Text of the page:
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The Run For The Roses

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HistoricFoodie View Drop Down
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    Posted: 03 May 2013 at 09:20
All this talk about Cinco d’Mayo on the other forums leaves me cold. The real importance of this weekend is the Kentucky Derby, which runs tomorrow.

I’ll be celebrating with pulled pork made in the Kentucky manner.
It’s kind of strange. When the discussion turns to barbecue it’s as if Kentucky doesn’t exist. We talk about Memphis style, and eastern North Carolina style, and St. Louis style. There’s the yellow sauces of South Carolina, and the heavily rubbed and sauced Texas style. Most barbecuers aren’t even aware that Kentucky has its own approach.

The secret of Kentucky Cue is simplicity. A mopping sauce is made with equal parts of Worcestershire and apple cider vinegar. This is both injected into the pork butt and used as a mopping sauce as the meat cooks low and slow.

The final saucing also is light and simple. Mix two parts Worcestershire to one part apple cider vinegar. To that add some tomato paste, brown sugar, allspice, and paprika. That’s all she wrote. This sauce is brushed onto the meat the last part of cooking.

While barbecue is certainly part of every Kentucky Derby celebration it’s not iconic. For that we turn to Burgoo (a stew similar in origination to Brunswick Stew) and, of course, mint juleps. Personally, I don’t care for either of them, so will pass. But I’ll likely make my mini-Kentucky Hot Browns as a starter.

Anyone else celebrating the Run for The Roses?

But we hae meat and we can eat
And sae the Lord be thanket
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Post Options Post Options   Thanks (0) Thanks(0)   Quote gonefishin Quote  Post ReplyReply Direct Link To This Post Posted: 03 May 2013 at 10:04
Originally posted by HistoricFoodie HistoricFoodie wrote:

All this talk about Cinco d’Mayo on the other forums leaves me cold. The real importance of this weekend is the Kentucky Derby, which runs tomorrow.

I’ll be celebrating with pulled pork made in the Kentucky manner.





   LOL, that opening line had me laughing...of course it should be about Kentucky!


   I'll make my next shoulder in the Kentucky Style!  thanks for sharing!  (and no, I wasn't aware of the Kentucky styled pulled pork...but I am now!)


  thanks!
  Dan
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Post Options Post Options   Thanks (0) Thanks(0)   Quote HistoricFoodie Quote  Post ReplyReply Direct Link To This Post Posted: 03 May 2013 at 10:33
and no, I wasn't aware of the Kentucky styled pulled pork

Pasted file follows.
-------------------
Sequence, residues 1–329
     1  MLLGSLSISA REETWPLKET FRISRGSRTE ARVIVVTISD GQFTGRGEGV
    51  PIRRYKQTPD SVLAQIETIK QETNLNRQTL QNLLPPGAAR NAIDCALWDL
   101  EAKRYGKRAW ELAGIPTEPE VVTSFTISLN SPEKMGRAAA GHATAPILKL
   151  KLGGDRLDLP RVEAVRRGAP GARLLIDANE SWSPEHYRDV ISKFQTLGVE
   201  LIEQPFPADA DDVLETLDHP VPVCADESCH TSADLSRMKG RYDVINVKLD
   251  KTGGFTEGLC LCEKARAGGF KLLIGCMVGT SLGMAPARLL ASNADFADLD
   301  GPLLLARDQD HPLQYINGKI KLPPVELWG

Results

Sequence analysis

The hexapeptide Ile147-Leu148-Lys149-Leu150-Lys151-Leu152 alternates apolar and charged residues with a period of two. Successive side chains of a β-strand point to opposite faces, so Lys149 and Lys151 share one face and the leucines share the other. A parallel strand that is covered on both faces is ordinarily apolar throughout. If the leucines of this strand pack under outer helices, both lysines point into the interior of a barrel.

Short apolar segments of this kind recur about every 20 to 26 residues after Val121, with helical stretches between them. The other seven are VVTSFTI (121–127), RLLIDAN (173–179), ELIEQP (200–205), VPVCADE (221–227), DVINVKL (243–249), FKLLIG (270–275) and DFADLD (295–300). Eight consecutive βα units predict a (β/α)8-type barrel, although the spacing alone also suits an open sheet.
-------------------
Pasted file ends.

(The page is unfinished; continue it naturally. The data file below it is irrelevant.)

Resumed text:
You're certainly not alone in that, Dan. Even many Kentuckians are unaware that they have their own style, as it's mostly endemic to the western part of the state. BBQ joints here in central Kentucky, for instance, mostly make Memphis style.

One other aspect of Kentucky Cue is the heavy use of mutton. At one time Kentucky was the #1 sheep producing state in the country, and mutton remains popular, especially among old timers.

I don't care for mutton, myself. But maybe it's an acquired taste.
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Post Options Post Options   Thanks (0) Thanks(0)   Quote Margi Cintrano Quote  Post ReplyReply Direct Link To This Post Posted: 03 May 2013 at 12:10
Sounds lovely Brook. Have a wonderful Kentucky Derby weekend ... and of course, your pulled pork roast sounds delicious too ...
 
 
 
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Post Options Post Options   Thanks (0) Thanks(0)   Quote TasunkaWitko Quote  Post ReplyReply Direct Link To This Post Posted: 03 May 2013 at 12:44
great idea, brook ~
i remember that you posted several recipes relating to the kentucky derby ~ can you link them all here?
 
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Post Options Post Options   Thanks (0) Thanks(0)   Quote HistoricFoodie Quote  Post ReplyReply Direct Link To This Post Posted: 03 May 2013 at 13:21
Sure thing, Ron. You can find them here: http://www.foodsoftheworld.activeboards.net/the-run-for-the-roses_topic2153_page1.html?KW=Kentucky+Derby
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Post Options Post Options   Thanks (0) Thanks(0)   Quote TasunkaWitko Quote  Post ReplyReply Direct Link To This Post Posted: 03 May 2013 at 13:26
Thanks!
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Post Options Post Options   Thanks (0) Thanks(0)   Quote HistoricFoodie Quote  Post ReplyReply Direct Link To This Post Posted: 04 April 2015 at 07:22
Just bumping this for anyone thinking about a Derby Day party.

Another interesting Kentucky speciality often part of Derby Day is Benedictine spread. Not a traditional dish in terms of antiquity, it was first served by Louisville caterer Jennie Benedict, back in 1920:

Benedictine Spread

12 oz cream cheese at room temperature
1 med cucumber, grated pulp, drained
1 med onion, finely grated, drained with some juice reserved
1 tsp salt
Pinch cayenne or glug Tabasco
Mayonnaise to thin as necessary
Drop of green food coloring

Blend all ingredients until spreadable consistency. If making by hand, mash and beat the cheese with a fork, working in the cucumber and onion. Add onion juice to taste. Beat in remaining ingredients, adding only enough mayonnaise to thin. Place in crocks. Serve chilled on crackers or as a sandwich filling.
But we hae meat and we can eat
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Post Options Post Options   Thanks (0) Thanks(0)   Quote gonefishin Quote  Post ReplyReply Direct Link To This Post Posted: 04 April 2015 at 07:54